3 October 2018, Secretariat of the International Partnership for the Satoyama Initiative, Tokyo, Japan.
After more than two months of IPSI’s review and evaluation process, Fostering Education & Environment for Development, Inc. (FEED) has been accepted as a member of the International Partnership for the Satoyama Initiative or IPSI, which is hosted by the United Nations University- Institute for the Advanced Study in Sustainability (UNU-IAS) in Tokyo, Japan. This makes FEED the 4th IPSI partner from the Philippines – after the University of the Philippines Open University, Hydrology for the Environment, Life and Policy (HELP) Davao Network, and Montanosa Research & Development Center- Tebtebba Foundation.
About the IPSI
Established on 19 October 2010 during the 10th Conference of Parties for the Convention on Biological Diversity, the IPSI has served as a global body for organizations that push forward the vision of “societies in harmony with nature”. It aims to establish knowledge building and exchange among academic, private, governmental, and non-governmental organizations alike that works with maintaining and rebuilding landscapes and seascapes in a more sustainable manner. The Initiative follows a three-fold approach which include:
- Consolidating wisdom on securing diverse ecosystem services and values,
- Integrating traditional ecological knowledge and modern science to promote innovations, and
- Exploring new forms of co-management systems or evolving frameworks of “commons” while respecting traditional communal land tenure.
To become a member of IPSI, an organization must submit a Letter of Intent to the IPSI Secretariat. After then, the organization must fill-out an application form and submit supporting materials that provides strong evidence on activities that could contribute the Initiative’s vision and approaches. More than 180 organizations from all parts of the world (and still growing) are already members including Leuphana University in Germany, the Ministry of Environment of Peru, the United Nations Development Program, Asahi Kasei Corporation of Japan, and Ghana National Biodiversity Committee in Ghana.
As part of IPSI, members could be qualified to opportunities including research grants, seed funds for developmental activities, invitation to conferences and workshops, and publications of on-field learning and experiences among many others. More importantly, the IPSI Secretariat maintains strong steering programs to assure continuous collaboration and knowledge exchange among its members to scale-out local and tested solutions for conservation and restoration of landscapes and seascapes.
For more information about the IPSI, please visit https://satoyama-initiative.org/.
FEED’s Global Commitment
Through more than a decade since it was established, FEED has focused its developmental works on environmental sustainability. Specifically, FEED has been implementing activities that focus on (1) restoration, preservation, and protection of biodiversity in the midst of impacts of global environmental changes, (2) conservation and restoration of endemic and endangered tree species, (3) promotion and enhancement of social forestry livelihood opportunities, and (4) the advancement of research into agricultural, environmental, forestry, sustainable development and related subjects.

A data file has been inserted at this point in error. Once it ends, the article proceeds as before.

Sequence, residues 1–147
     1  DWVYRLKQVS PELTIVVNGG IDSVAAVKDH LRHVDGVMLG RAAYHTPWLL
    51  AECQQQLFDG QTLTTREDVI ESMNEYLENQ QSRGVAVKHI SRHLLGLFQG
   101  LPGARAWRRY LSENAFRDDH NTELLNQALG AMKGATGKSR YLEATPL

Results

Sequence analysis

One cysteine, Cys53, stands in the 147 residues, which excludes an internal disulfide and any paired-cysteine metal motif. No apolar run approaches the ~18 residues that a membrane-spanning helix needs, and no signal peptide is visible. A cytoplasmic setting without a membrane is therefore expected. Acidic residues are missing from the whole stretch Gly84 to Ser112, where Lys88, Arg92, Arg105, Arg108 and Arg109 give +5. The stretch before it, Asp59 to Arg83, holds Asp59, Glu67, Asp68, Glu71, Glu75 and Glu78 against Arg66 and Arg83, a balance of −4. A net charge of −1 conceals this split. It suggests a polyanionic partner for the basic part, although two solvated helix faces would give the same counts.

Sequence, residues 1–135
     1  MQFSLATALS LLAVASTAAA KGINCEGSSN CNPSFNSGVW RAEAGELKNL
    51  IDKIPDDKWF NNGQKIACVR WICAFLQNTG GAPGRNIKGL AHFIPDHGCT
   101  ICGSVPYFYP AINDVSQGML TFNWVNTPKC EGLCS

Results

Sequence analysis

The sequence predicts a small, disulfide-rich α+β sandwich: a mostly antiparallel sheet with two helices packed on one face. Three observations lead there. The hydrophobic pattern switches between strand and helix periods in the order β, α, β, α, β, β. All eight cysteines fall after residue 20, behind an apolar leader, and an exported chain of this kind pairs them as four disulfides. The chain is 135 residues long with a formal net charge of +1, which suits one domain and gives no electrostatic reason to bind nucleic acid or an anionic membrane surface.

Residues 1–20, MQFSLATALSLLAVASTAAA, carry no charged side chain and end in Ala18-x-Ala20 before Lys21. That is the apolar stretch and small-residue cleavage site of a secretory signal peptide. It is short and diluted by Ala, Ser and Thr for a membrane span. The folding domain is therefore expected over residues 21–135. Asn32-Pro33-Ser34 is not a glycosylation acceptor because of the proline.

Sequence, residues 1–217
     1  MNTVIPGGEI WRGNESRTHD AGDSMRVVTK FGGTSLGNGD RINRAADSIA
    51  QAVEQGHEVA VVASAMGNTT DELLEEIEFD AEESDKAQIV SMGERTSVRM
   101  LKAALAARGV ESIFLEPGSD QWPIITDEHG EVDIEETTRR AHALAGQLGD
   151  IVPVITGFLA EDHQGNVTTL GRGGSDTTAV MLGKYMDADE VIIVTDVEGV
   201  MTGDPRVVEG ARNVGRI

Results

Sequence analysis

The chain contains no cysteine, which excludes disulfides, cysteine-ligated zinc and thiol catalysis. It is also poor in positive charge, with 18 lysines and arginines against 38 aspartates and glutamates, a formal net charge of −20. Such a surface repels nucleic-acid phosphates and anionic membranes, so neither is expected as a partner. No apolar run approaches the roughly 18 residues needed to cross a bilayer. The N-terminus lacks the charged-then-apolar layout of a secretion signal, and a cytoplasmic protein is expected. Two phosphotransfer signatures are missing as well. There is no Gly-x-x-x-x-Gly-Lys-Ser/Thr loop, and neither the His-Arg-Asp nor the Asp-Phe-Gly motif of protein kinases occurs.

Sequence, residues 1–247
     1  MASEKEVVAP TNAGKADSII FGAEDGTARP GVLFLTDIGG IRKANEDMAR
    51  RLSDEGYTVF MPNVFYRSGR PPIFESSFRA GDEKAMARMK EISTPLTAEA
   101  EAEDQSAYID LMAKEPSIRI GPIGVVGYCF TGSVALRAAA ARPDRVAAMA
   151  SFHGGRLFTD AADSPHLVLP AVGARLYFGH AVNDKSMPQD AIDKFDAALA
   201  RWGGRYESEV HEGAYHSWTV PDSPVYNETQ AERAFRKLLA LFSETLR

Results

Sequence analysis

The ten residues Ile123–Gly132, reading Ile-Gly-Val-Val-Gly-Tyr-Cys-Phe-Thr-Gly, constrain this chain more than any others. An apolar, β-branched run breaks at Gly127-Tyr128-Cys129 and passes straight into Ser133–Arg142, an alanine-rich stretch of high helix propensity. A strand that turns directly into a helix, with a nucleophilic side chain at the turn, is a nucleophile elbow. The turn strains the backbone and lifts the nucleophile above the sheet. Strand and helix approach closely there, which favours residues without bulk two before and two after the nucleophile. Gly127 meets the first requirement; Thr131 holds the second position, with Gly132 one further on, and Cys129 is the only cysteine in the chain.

Through its “Living Legacy” Climate Change Action oriented programs, FEED has spearheaded the protection and restoration of critical landscapes and seascapes in the Philippines including the Sierra Madres and the coastlines in Bulacan, La Union and Sorsogon Provinces. Hundreds of thousands of indigenous Philippine trees have already been planted in these areas while following a reforestation methodology that promotes sustainable livelihood among local communities. Equally important, FEED is also contributing to the creation of a network of Filipino “eco-warriors” through its seminars and lectures.
This membership with the IPSI, FEED has further strengthened its commitment in localizing global frameworks especially in the context of landscapes and seascapes. FEED is also a signatory to the Earth Charter, UN Global Compact and the Convention on Biological Diversity (CBD) ‘s Global Partnership for Business & Biodiversity.
As an IPSI member, FEED and its partner researchers, led by FEED Scholar Elson Ian Nyl Galang, are currently developing a case study on mobilisation of the private sector for conservation and restoration of critical landscapes in the Philippines. This study aims to highlight FEED’s approaches – as a non-corporate organization – in engaging corporations – from SMEs to multinationals – to convert local environmental targets into actual actions with sustainable impact.
In 2015, the Philippine government submitted to the United Nations the country’s commitments to reduce greenhouse gas emissions. The country committed to reduce its carbon emissions by 70 percent by 2030. The carbon dioxide reductions will come from the sectors of energy, transport, waste, forestry and industry.
Help us reverse the Earth’s “hothouse climate” tipping point.
FEED runs a number of Students and Volunteers for the Environment (SAVE); Corporate Social Responsibility (CSR) – such as mangrove planting for coastal protection or ridge reforestation plantings; One Child, One Tree; Bio-Intensive Gardens (BIG) for nutrition in public elementary schools and other spaces; Climate Change Survival 101 and other LIVING LEGACY programs – customised environmental engagement activities for individuals and organisations interested in contributing to climate change adaptation efforts and greening critical areas such as watersheds, ridges, and reefs that all require rehabilitation.
Tree-Planting with FEED
Check out the video journey by Clueless Commuter who planted with us last 24th of June 2017 to get a good idea of how FEED plantings go: https://youtu.be/KROn4rjVqBg
© FEED, Inc.